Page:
Criticisms of unions aside, I find this path to school reform puzzling. First of all, the right of workers to organize is grounded in their First Amendment rights and hence a larger part of the American democratic system. Furthermore, I seriously doubt that disabling teachers unions will do much towards reforming education or towards improving teaching and learning, though it will certainly disable the Democratic Party. There are definitely teachers who get so involved with union politics, activities, and ideology that they neglect their jobs and their students--teachers who don't do their jobs shouldn't be allowed to keep them, but in my time teaching in public schools and being a public school parent, I have rarely encountered any educator who talked about much union activities or about their political views. I am very liberal and I have taught and lived in some very conservative places. I've worked alongside conservatives and I'm sure some very conservative people educate my children (I live in Eric Cantor's district), but their union membership and political views, conservative or liberal, almost never come up, nor should they have, and as far as how and what I teach or how my own children are educated, they don't really matter.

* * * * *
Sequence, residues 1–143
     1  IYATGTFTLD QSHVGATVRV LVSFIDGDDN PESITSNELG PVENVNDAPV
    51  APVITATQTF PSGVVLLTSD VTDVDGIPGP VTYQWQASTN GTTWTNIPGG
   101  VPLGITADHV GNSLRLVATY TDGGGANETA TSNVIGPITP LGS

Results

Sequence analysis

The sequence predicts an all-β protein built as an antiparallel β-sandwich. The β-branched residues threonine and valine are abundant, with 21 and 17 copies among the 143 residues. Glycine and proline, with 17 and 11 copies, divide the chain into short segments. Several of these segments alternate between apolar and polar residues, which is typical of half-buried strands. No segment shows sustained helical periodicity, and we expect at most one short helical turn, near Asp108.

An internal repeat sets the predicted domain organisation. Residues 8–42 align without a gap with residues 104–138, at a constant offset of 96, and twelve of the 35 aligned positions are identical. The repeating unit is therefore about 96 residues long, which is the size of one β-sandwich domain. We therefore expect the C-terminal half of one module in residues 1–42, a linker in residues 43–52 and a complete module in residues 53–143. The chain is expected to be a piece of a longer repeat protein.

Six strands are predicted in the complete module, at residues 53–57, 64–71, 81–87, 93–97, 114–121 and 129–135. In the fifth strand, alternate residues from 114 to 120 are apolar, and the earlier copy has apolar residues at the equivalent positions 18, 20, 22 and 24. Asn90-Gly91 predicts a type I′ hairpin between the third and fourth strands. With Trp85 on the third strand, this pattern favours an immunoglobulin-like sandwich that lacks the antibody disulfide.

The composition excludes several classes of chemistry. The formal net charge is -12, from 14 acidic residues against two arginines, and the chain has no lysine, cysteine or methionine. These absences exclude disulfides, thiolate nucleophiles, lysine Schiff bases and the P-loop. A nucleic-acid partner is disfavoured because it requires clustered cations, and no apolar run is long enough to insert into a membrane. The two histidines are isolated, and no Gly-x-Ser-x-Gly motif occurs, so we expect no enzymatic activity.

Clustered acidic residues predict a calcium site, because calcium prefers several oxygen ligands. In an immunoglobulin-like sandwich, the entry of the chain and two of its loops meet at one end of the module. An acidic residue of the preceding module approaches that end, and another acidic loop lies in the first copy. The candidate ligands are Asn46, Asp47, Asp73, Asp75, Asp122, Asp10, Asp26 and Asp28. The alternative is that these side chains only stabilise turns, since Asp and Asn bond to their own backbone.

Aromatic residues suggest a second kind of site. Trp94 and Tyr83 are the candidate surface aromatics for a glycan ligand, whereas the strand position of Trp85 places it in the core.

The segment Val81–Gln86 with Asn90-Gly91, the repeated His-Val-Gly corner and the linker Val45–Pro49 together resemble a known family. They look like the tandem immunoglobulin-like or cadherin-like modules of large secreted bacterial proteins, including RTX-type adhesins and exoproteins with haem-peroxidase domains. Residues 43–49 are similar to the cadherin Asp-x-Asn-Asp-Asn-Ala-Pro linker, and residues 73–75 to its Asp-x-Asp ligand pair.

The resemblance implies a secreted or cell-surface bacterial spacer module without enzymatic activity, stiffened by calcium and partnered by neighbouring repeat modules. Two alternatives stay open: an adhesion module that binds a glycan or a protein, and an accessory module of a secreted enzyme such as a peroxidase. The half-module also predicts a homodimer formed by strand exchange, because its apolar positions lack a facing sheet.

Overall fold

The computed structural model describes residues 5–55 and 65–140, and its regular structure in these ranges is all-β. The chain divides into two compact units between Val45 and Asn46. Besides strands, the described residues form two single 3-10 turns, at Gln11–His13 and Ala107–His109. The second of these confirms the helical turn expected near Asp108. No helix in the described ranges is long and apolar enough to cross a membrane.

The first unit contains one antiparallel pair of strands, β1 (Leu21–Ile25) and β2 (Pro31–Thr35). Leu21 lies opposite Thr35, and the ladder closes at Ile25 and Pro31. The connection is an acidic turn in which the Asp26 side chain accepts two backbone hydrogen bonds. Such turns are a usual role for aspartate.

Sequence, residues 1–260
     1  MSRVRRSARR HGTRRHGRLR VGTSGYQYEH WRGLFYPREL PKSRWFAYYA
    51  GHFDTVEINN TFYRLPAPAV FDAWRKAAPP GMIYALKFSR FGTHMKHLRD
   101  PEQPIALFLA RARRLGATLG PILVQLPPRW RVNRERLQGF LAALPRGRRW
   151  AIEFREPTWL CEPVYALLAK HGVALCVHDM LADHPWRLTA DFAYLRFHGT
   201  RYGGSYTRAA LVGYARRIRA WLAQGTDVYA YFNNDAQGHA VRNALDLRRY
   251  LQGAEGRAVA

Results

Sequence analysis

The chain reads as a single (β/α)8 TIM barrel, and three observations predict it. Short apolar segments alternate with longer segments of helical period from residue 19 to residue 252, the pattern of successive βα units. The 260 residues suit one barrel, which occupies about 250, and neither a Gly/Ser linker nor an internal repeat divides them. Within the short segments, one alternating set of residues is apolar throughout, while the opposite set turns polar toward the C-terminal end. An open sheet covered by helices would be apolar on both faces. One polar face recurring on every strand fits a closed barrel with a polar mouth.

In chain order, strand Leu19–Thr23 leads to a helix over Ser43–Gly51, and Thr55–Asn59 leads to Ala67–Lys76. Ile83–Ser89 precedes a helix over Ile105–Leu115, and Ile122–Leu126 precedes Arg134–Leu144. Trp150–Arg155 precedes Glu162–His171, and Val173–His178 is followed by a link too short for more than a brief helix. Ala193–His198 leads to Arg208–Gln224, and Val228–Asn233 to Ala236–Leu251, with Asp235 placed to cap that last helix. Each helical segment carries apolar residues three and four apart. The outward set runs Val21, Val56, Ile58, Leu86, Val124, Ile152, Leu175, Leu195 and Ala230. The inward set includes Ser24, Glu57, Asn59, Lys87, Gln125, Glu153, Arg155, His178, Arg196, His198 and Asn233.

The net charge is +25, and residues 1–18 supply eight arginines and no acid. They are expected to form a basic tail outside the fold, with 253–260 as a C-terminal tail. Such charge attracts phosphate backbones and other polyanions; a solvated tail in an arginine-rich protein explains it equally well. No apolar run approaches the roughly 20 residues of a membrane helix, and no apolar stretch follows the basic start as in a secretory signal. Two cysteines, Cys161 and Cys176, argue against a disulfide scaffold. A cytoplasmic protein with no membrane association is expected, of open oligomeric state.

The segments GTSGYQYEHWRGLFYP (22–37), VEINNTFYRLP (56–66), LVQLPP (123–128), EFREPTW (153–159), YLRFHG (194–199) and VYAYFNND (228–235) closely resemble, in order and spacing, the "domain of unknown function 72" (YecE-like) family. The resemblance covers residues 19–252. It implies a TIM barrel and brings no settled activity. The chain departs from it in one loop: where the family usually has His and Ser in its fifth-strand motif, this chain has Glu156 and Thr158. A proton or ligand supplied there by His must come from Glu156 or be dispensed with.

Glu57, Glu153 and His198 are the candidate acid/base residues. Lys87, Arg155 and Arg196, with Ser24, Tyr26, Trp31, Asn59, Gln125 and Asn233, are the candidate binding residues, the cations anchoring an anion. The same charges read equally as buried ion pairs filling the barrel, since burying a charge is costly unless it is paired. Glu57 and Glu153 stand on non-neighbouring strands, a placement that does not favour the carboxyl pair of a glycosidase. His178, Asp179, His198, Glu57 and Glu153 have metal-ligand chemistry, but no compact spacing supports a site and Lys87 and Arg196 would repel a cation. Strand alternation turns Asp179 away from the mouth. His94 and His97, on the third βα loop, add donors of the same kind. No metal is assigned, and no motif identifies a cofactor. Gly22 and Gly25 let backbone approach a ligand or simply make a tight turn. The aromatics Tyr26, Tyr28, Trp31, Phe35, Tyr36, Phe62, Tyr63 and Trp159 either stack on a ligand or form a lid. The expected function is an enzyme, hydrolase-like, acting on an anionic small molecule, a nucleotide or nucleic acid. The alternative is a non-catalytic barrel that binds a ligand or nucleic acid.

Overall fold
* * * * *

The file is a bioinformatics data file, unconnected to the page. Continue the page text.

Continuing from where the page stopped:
What does come up then? What should we be concerned with when talking about to how improve teaching and learning? Pedagogy and curriculum. How should I best engage and teach the students before me, and how should I advise my kids' teachers to best engage them? How can my co-workers and I help one another to best reach our shared students? More importantly, what should we teach our students? What as social studies and ESOL teachers do we want out students to know and be able to do? As a parent, what do I want my kids to know and be able to do? This is what good educators focus on and this is what any education reformer worth their salt should focus on. Same with teacher talent: where teachers went to college and their pedigree is much less important than what knowledge they have about pedagogy and about the content they teach--what they teach and how they practice. This is where evaluation needs to be much more rigorous and much more useful--as a means to improve teaching and learning, and not merely as an instrument to fire people.